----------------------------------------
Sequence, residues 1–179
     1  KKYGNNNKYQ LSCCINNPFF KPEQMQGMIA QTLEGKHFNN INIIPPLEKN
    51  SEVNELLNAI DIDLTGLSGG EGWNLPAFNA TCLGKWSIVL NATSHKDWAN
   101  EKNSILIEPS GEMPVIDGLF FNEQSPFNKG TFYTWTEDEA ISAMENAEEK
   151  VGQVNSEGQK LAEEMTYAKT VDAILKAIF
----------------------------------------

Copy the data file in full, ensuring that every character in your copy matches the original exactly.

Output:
Sequence, residues 1–179
     1  KKYGNNNKYQ LSCCINNPFF KPEQMQGMIA QTLEGKHFNN INIIPPLEKN
    51  SEVNELLNAI DIDLTGLSGG EGWNLPAFNA TCLGKWSIVL NATSHKDWAN
   101  EKNSILIEPS GEMPVIDGLF FNEQSPFNKG TFYTWTEDEA ISAMENAEEK
   151  VGQVNSEGQK LAEEMTYAKT VDAILKAIF